In enacting SB 97, the California Legislature mandated that the Natural Resources Agency adopt new guidelines for the mitigation of greenhouse gas (“GHG”) emissions or the impacts of those emissions. Consistent with that directive, the Natural Resources Agency on December 30, 2009 adopted final amendments to the Guidelines for the California Environmental Quality Act (CEQA) to address GHG emissions impacts. Prior to this new rulemaking, substantial discrepancies existed with respect to the manner in which California lead agencies (i.e., those State and local agencies with authority to approve development projects following environmental review) evaluated GHG emissions and potential impacts from those emissions. However, the new amendments for the first time provide some consistency with respect to the substantive GHG-related areas to be covered in a CEQA analysis. Yet at the same time, the amendments preserve the discretion CEQA typically affords lead agencies with respect to the methodology to be used and the conclusions to be reached in such an analysis.

Lest there be no further confusion as to whether a CEQA analysis must include an evaluation of GHG emissions impacts, new amendments to Appendix G (which lists the questions that a lead agency should ask in an Initial Study) mandate that lead agencies the following questions:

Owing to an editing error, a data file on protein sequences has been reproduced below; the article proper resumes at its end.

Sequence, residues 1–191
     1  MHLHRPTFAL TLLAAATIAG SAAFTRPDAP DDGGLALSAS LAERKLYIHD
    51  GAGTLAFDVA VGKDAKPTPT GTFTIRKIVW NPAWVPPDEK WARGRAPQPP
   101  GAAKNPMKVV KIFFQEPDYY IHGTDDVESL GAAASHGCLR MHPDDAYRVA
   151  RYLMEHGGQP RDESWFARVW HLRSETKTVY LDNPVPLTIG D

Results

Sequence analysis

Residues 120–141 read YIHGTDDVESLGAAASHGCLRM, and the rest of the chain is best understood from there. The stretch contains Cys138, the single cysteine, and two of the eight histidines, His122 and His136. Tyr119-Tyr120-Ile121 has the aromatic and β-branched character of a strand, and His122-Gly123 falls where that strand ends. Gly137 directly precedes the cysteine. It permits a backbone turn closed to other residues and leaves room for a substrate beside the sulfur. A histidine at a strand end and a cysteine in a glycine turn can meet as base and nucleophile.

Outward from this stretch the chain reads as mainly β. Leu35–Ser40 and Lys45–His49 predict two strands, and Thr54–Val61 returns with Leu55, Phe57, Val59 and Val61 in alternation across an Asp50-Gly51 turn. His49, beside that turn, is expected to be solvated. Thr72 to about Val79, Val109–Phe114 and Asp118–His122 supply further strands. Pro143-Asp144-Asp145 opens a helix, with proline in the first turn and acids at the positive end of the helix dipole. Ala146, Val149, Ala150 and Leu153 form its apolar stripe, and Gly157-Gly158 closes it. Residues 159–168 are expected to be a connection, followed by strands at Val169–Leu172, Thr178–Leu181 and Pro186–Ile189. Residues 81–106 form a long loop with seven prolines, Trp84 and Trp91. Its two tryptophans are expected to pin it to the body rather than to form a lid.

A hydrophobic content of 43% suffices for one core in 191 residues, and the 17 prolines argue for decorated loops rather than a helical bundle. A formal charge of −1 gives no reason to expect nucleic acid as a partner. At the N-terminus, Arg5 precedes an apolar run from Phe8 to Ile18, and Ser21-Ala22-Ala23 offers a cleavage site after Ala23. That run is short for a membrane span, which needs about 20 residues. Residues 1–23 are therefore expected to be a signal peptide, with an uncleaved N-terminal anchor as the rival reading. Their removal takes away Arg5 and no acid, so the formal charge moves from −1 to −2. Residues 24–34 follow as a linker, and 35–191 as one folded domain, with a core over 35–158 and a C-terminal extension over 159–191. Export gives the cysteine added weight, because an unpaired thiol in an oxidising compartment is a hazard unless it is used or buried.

“Would the project:

  1. Generate greenhouse gas emissions, either directly or indirectly, that may have a significant impact on the environment?
  2. Conflict with an applicable plan, policy or regulation adopted for the purpose of reducing the emissions of greenhouse gases?”

However, the new amendments continue to provide lead agencies with wide discretion as to how to answer these questions. For example, new CEQA Guidelines section 15064.4 makes clear that the determination of the significance of GHG emissions calls for a “careful judgment” by the lead agency based on a good-faith effort to describe, calculate or estimate the amount of GHG emissions to the extent possible on scientific and factual data. But the new amendment also states that the lead agency shall have discretion to determine whether to employ a particular “model or methodology,” or whether to instead rely on a “qualitative analysis or performance based standards.”

Similarly, after making its “good-faith” estimate of GHG emissions, the lead agency must assess – using its own discretion – the significance of those GHG emissions based on, at minimum, the following three factors:

  • The extent to which the project may increase or reduce GHG emissions as compared to the existing environmental setting;
  • Whether emissions would exceed a threshold of significance that the lead agency determines applies to the project; and
  • The extent to which the project complies with regulations or requirements adopted to implement a statewide, regional, or local plan for the reduction or mitigation of GHG emissions.

New amendments to CEQA Guidelines section 15126.2 also direct lead agencies to analyze potential climate change-related hazards (such as coastal flooding and wildfires) that might impact people brought to the area by a project. But little guidance regarding these topics is provided in the new amendments.